A $4.35 billion countrywide settlement offered by Teva Pharmaceutical Industries might end thousands of cases related to the drugmaker's claimed involvement in the U.S. opioid epidemic.
According to the plan, Teva would give state and local governments a monetary payment of up to $3.7 billion over a period of 13 years along with a donation of naloxone, an opioid overdose reversal medicine, valued at $1.2 billion. Teva, located in Israel, will also cover the legal costs spent by the states, municipal governments, and Native American tribes as well as pay almost $100 million to their respective tribes.
According to Teva's settlement proposal, state and local governments might choose more cash instead of receiving an allocation of the overdose medicine, valued at 20% of the drug's list price.
The settlement's monetary component is greater than what Teva's CEO proposed in May. Teva's CEO at the time informed analysts that he anticipated the business would shell out about $2.6 billion in cash and medication to secure a federal settlement.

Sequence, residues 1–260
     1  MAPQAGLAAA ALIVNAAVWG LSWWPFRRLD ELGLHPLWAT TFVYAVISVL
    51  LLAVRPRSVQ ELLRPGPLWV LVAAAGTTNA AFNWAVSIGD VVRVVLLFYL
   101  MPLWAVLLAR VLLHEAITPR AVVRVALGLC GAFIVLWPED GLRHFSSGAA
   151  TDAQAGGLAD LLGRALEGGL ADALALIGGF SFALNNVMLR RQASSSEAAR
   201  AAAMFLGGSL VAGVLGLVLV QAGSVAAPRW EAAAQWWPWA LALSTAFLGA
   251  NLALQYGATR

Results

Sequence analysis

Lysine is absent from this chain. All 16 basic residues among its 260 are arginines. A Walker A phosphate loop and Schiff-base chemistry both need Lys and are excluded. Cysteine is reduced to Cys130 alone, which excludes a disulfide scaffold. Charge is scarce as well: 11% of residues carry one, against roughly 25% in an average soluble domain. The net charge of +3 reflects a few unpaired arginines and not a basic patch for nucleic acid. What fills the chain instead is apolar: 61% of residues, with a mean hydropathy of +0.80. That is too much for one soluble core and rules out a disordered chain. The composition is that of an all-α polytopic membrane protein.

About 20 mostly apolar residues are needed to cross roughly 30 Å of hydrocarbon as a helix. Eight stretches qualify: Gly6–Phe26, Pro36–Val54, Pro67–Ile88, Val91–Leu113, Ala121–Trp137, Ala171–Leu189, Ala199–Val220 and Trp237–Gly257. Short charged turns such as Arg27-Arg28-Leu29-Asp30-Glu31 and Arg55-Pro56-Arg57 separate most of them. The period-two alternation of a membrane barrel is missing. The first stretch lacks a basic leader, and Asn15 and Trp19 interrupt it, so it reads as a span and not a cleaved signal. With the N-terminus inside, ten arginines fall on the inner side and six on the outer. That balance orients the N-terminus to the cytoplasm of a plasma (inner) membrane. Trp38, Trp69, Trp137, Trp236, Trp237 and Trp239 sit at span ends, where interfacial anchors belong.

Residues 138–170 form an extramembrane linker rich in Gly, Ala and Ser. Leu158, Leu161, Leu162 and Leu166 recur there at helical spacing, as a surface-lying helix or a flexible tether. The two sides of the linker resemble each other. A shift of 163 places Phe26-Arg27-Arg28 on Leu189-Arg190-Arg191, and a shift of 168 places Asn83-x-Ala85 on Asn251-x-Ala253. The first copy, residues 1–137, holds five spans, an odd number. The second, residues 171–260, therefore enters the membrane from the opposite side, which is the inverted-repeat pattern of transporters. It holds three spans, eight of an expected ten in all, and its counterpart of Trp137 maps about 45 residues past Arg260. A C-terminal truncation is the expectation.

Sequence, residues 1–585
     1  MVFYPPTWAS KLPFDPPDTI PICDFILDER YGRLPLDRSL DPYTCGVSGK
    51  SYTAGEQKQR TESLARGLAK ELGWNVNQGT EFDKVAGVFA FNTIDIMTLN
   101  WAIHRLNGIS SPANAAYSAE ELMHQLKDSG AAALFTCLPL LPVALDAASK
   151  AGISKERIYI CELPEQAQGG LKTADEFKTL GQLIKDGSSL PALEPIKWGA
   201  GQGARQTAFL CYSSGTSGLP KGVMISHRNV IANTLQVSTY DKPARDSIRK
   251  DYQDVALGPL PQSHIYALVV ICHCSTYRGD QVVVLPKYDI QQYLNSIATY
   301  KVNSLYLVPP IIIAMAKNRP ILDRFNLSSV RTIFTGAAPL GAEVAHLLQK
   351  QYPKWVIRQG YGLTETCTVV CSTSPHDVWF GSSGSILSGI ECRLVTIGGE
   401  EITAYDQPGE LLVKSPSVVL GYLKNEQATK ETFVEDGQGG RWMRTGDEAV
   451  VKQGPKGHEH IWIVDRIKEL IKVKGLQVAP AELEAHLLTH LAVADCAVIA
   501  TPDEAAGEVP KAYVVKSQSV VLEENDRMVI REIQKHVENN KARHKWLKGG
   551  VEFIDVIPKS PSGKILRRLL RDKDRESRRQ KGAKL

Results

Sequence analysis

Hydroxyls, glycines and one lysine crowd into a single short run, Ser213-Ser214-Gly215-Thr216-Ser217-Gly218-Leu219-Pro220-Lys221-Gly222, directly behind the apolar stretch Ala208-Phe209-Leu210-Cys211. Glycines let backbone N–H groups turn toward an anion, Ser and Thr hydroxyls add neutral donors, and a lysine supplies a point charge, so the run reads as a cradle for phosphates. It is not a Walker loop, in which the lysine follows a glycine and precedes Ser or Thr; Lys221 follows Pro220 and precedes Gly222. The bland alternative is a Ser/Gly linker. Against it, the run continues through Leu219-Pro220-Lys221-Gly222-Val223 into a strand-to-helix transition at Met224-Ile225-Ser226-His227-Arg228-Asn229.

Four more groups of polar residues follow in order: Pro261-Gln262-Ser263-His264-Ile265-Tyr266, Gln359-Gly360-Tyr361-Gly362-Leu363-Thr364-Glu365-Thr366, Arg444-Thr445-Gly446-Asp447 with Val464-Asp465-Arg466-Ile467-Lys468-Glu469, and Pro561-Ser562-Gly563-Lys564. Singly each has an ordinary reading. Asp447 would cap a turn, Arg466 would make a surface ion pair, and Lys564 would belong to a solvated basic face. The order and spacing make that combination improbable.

The proposed payment comes as uncertainty around an opioid deal has caused Teva's New York-listed shares to decline 11% thus far this year.
Teva, which still owes around $20 billion in net debt, had hoped to strike a deal with more medications and less cash, but several states and counties objected, disputing the worth of the drugs since they were made for far less than the rates used in the settlement agreements.
It is an important step forward in tackling the opioid issue, according to the attorney general of Iowa, a leading state negotiator. He even stated that it is anticipated that this funding would have a substantial impact on treating opioid addiction disease and averting deadly overdoses.